“Why use Wikipedia?” adults often ask. What they are really asking is, “Should my kids use Wikipedia, and is it a real reference?” For adults who grew up in the age of multiple volumes of well-documented references, it’s hard to wrap our minds around Wikipedia — and even harder to use it.
Digital natives, however, consult Wikipedia all the time, and the number of users and the content is increasing. According to a 2006 review in School Library Journal, “The popular online encyclopedia, whose entries are written and edited by any user, may inspire trepidation, even fear, yet the behemoth is impossible to ignore.” So just who is writing for Wikipedia? A March 2010 MSNBC article Who Writes Wikipedia, describes a research project that aimed to develop profiles of writers who contribute content.
A timeless librarians’ creed — never rely on one reference and always confirm a fact — is perhaps the most important concept to keep in mind whenever anyone is seeking information. Bottom line: always reconfirm a fact from any source, no matter how expertise the writers claim to have on a topic.
A few years back, the distinguished science journal Nature published a piece about Wikipedia and Encyclopedia Britannica. The article, Internet Encyclopedias Go Head to Head (abstract), compared Wikipedia articles written by experts with the same topics published by Britannica. The competition used no article written by the average reader or contributor. In theory, Wikipedia won, because it had fewer errors, however more than a bit of controversy surrounds the Nature article.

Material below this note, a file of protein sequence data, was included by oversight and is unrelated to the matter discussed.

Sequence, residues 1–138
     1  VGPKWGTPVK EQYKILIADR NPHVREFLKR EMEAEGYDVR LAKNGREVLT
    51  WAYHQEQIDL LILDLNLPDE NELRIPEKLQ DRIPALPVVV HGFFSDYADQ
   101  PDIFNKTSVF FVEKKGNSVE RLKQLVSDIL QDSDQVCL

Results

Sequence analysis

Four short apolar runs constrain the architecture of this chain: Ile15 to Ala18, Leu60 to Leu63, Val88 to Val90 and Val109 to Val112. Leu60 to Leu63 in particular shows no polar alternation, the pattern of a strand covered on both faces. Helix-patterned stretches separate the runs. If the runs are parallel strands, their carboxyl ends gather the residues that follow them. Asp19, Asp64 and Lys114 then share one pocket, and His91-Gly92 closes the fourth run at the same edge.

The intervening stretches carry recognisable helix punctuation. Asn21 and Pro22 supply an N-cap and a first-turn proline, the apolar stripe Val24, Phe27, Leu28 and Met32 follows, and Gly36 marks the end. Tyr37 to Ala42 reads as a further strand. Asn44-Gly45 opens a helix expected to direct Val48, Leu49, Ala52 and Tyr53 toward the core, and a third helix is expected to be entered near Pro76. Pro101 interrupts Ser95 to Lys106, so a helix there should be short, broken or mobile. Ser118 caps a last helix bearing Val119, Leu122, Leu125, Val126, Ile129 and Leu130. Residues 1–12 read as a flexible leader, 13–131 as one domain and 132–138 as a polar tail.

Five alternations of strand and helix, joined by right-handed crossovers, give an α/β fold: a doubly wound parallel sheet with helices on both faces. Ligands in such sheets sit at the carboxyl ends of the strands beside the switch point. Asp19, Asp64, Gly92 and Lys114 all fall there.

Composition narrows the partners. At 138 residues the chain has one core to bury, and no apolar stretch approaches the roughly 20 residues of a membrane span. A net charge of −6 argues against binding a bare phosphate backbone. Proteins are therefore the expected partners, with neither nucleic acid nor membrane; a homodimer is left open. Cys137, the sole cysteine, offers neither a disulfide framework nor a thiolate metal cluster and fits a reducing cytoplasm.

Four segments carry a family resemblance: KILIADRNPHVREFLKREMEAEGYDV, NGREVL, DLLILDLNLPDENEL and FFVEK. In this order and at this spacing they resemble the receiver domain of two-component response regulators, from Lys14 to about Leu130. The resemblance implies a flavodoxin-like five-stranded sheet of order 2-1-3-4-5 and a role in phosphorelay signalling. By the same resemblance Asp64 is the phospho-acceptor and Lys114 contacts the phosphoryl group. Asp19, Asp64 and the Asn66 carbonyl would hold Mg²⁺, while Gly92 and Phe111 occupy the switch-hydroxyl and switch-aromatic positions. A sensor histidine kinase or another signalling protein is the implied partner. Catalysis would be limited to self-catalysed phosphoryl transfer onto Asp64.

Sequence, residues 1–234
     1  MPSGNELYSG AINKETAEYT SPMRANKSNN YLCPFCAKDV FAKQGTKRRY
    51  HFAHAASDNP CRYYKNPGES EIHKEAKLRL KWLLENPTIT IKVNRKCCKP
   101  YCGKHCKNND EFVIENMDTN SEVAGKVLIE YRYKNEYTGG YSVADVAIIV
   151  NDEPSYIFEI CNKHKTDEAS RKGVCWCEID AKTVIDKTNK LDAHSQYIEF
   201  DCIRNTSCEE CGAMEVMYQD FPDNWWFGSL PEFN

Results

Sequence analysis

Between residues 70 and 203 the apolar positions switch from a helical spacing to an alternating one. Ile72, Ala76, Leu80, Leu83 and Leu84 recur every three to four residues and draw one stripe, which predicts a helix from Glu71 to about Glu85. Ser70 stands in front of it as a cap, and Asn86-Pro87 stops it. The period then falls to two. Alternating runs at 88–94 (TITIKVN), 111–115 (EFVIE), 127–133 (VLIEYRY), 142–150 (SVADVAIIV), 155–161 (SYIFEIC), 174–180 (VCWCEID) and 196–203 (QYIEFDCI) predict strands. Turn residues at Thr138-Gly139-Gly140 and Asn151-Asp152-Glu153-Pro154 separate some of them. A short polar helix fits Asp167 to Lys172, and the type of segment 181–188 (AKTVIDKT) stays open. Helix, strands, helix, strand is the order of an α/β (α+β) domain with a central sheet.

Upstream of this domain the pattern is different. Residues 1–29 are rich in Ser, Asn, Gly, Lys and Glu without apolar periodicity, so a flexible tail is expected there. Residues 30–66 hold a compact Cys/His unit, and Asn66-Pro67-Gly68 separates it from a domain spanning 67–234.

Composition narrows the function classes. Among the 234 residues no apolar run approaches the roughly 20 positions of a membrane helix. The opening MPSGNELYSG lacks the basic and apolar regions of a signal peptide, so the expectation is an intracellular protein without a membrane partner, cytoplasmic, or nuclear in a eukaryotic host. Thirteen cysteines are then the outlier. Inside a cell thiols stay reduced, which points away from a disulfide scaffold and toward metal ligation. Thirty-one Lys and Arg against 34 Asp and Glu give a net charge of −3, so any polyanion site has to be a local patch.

The National Institutes of Health (NIH) recently decided that its scientists can check existing entries in their professional specialties, adding, citing, and correcting information as necessary. In a July 2009 Wired magazine article, Wikipedia Teaches NIH Scientists Wiki Culture, writer Alexis Madrigal describes how Wikipedia volunteers traveled to NIH, holding a Wikipedia Academy and training the scientists in the wiki writing process. Today, as a result of the decision, trained scientists from NIH Institutes and Centers write for the online encyclopedia. A document, NIH Guidelines for Participating in Wikipedia, helps them with their work.
Matthew Barton from the Personal Democracy Forum comments in the Wired article, “NIH could have gone the typical route and warned the public against using unreliable sources for information, but they get it: That’s not going to happen.”
Bottom line, Wikipedia is here to stay. Use it, cite it, confirm the facts, click on the hyperlinks, and treat it like any reference. If you find an error, let the editors know or, if you have enough knowledge about a topic, fix it yourself.